6N: France beats Wales 41-28, but loses the title to Ireland

March 18, 2023 GMT
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France's Damian Penaud scores a try during the Six Nations rugby union international match between France and Wales, at the Stade de France in Saint Denis, outside Paris, Saturday, March 18, 2023. (AP Photo/Christophe Ena)
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France's Damian Penaud scores a try during the Six Nations rugby union international match between France and Wales, at the Stade de France in Saint Denis, outside Paris, Saturday, March 18, 2023. (AP Photo/Christophe Ena)

PARIS (AP) — Defending champion France completed its Six Nations campaign by scoring five tries in an entertaining 41-28 win against Wales, but it wasn’t enough to retain the title as Ireland beat England 29-16 later Saturday to clinch a Grand Slam.

France got the attacking bonus point it needed to move one point ahead of Ireland before its game against England in Dublin. But Fabien Galthié’s side needed No. 1-ranked Ireland to lose without collecting a defensive bonus point.

Ireland beat France 32-19 last month — a result that ended France’s 14-game winning streak and also shifted the momentum Ireland’s way.

So there was no Grand Slam repeat for France, but a party atmosphere still prevailed on Saturday afternoon at Stade de France.

Fireworks went off after the game to celebrate another Six Nations where Galthié’s side showed an abundance of attacking flair and thrilled rugby fans with some spectacular tries.


“We’ve won 80% of our matches in the tournament over the past four years, I don’t think that’s ever happened in the history of French rugby,” said Galthié, ever the perfectionist. “But we must still improve our defending.”

Prolific right winger Damian Penaud grabbed two against the Welsh and fullback Tomas Ramos was perfect with his kicking as Les Tricolores took their tournament try tally to an eye-watering 21 — compared to 20 for Ireland.

“We can be proud of ourselves after this tournament, although we can have a lot of regrets about the match in Ireland,” star scrumhalf Antoine Dupont said. “We feel that our attacking potential is still growing.”

England was reeling from last weekend’s 53-10 win loss to No. 2-ranked France for its third heaviest defeat ever, but clearly wounded from that humiliation it played with great determination even with a player sent off late in the first half.

Wales started strongly and took three attacking lineouts over penalties, scoring off the third when scrumhalf Rhys Webb pinged a quick pass to center George North, who went over for a converted try.

It was North’s 23rd in the tournament’s history, taking him one ahead of former Wales winger Shane Williams and three behind all-time record holder Brian O’Driscoll of Ireland.

France’s response took just two minutes.


Flyhalf Romain Ntamack carved a hole in midfield with elusive running and offloaded to halves partner Dupont, who looped a clinical pass to Penaud on the right wing.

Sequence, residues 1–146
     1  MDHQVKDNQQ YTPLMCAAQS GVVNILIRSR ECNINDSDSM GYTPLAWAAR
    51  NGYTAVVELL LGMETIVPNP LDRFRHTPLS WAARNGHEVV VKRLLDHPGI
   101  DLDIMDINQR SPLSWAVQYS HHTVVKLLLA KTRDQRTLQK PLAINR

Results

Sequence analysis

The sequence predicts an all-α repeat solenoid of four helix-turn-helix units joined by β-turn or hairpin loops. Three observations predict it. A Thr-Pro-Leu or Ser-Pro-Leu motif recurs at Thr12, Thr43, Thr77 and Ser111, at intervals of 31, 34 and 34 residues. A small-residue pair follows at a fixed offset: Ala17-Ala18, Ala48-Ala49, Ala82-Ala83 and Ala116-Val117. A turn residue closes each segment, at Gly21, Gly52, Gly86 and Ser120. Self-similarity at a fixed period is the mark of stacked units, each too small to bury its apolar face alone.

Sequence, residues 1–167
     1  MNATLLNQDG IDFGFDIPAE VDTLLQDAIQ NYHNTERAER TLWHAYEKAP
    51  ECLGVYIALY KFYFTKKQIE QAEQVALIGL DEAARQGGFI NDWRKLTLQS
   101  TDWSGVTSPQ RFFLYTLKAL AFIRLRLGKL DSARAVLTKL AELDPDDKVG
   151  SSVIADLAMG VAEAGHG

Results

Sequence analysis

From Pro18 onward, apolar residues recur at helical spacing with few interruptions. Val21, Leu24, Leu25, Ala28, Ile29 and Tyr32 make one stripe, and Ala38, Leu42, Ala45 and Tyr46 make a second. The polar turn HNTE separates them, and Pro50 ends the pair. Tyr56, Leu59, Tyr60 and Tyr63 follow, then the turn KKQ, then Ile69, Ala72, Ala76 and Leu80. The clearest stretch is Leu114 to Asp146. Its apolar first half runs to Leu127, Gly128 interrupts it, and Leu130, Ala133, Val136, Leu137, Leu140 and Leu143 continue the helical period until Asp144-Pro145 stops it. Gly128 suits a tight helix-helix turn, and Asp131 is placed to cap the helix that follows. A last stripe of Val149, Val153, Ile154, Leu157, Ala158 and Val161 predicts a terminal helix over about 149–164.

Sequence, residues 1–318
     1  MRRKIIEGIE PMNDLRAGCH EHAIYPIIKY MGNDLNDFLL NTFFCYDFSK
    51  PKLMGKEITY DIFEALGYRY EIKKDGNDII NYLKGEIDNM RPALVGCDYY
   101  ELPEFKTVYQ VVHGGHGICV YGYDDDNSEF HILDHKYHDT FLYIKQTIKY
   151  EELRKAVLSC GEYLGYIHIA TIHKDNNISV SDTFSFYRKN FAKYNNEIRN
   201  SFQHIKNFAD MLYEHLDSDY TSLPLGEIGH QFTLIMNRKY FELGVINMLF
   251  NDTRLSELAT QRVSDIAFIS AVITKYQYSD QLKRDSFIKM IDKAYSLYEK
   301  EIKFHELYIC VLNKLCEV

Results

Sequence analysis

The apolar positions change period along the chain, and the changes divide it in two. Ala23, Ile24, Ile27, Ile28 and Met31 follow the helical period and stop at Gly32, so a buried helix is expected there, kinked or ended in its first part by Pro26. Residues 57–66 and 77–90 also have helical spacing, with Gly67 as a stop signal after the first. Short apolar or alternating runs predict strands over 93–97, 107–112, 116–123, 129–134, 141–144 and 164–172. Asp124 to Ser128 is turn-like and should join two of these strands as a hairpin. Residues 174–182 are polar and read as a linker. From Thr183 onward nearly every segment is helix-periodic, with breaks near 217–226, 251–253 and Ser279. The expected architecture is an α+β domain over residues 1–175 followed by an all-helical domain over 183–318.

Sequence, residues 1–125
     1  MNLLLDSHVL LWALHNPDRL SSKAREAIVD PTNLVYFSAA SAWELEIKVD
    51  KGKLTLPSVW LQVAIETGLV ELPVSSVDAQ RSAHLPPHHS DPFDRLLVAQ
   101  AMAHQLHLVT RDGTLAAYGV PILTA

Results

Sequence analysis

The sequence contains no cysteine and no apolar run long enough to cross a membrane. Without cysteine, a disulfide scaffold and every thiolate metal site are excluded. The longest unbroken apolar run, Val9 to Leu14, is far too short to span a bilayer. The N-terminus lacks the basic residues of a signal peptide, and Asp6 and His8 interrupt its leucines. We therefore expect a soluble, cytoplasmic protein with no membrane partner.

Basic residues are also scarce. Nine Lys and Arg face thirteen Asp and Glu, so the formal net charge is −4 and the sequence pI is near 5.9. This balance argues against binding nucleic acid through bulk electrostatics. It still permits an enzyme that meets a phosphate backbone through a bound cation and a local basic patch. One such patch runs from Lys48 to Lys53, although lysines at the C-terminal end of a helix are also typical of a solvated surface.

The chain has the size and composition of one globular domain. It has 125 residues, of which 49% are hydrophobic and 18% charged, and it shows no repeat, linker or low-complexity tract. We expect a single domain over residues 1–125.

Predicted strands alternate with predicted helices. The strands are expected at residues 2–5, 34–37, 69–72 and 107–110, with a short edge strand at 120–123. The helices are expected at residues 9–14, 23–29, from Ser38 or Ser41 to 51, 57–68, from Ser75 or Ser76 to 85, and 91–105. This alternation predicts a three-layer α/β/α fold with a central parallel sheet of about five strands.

The Welsh came to play and it took France until the 26th minute to lead through Ramos’ penalty.

But with the recalled Uini Atonio dominant in the scrum, another penalty soon followed before France stretched the Welsh line with quick passes to allow Penaud to send center Jonathan Danty over on the right wing for a converted try and a 20-7 interval lead.

Atonio’s first try on his 50th test came four minutes after the restart, when he barged over the line after being set up by the quick-thinking Dupont and Ramos. Just five minutes later, France opened up Wales again and Danty freed Ntamack to feed center Gaël Fickou for France’s fourth try.


Wales’ bench finally ended France’s 34-point run when replacement hooker Bradley Roberts burrowed over from close range after flanker Justin Tipuric stole possession, and replacement scrumhalf Tomos Williams got Wales’s third try with Tipuric involved again.

Ramos set up Penaud’s second try in the right corner late on but both players went missing when Wales got a bonus point with a last-gasp fourth try from replacement winger Rio Dyer, converted by veteran Leigh Halfpenny.

“We knew Wales would be strong, people had a tendency to write them off a bit in this tournament,” Ntamack said. “But with the players they have and their experience we knew it wouldn’t be easy, and you saw that in the first few minutes.”

No. 8 Taulupe Faletau played his 100th Welsh test.

Wales won the tournament two years ago, but won only once this year — 29-17 in Rome last weekend. The Italians finished 0-5 for the wooden spoon after losing 26-14 in Scotland earlier Saturday.

France’s next objective is to win the World Cup for the first time. The three-time runner-up has a mouth-watering opener against three-time champion New Zealand at Stade de France on Sept. 8 — and the host could meet Ireland in a mouth-watering quarterfinal.


“Give us some time,” Galthié joked, not wanting to look too far ahead. “We have a night to finish, a morning to spend together, and then it will be time to say goodbye. Afterward, the next time we meet up will be to prepare for the World Cup.”

He parted with a warning shot.

“I hope teams fear us,” he said. “We’ve got an impressive ratio. We’ve lost once at Stade de France in four years.”

France is gaining confidence, but Wales is turning a page.

Wales coach Warren Gatland said before the game that up to eight of his players — including Faletau and lock Alun Wyn Jones — may have made their last Six Nations appearances as he builds for this World Cup and the next.


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